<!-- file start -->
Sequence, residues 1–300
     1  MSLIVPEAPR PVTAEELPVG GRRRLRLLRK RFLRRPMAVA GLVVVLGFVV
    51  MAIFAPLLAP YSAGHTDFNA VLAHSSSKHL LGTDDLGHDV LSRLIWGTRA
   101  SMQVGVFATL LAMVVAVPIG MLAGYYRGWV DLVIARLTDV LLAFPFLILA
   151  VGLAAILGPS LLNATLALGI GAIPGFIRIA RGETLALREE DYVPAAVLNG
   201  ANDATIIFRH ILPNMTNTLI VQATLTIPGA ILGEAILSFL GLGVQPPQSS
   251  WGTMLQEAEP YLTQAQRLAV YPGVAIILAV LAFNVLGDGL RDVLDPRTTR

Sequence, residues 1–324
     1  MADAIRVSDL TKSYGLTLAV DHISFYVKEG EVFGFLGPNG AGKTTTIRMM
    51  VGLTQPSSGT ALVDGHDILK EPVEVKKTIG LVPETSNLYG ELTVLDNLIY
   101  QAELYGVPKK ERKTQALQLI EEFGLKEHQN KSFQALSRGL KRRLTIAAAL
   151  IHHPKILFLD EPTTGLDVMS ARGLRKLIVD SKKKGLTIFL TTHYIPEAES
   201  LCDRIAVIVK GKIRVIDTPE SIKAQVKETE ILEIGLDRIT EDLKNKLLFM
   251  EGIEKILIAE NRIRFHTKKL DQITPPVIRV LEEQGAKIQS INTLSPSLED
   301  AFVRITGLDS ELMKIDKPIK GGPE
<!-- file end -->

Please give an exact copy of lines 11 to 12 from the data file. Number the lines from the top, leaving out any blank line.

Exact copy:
   101  QAELYGVPKK ERKTQALQLI EEFGLKEHQN KSFQALSRGL KRRLTIAAAL
   151  IHHPKILFLD EPTTGLDVMS ARGLRKLIVD SKKKGLTIFL TTHYIPEAES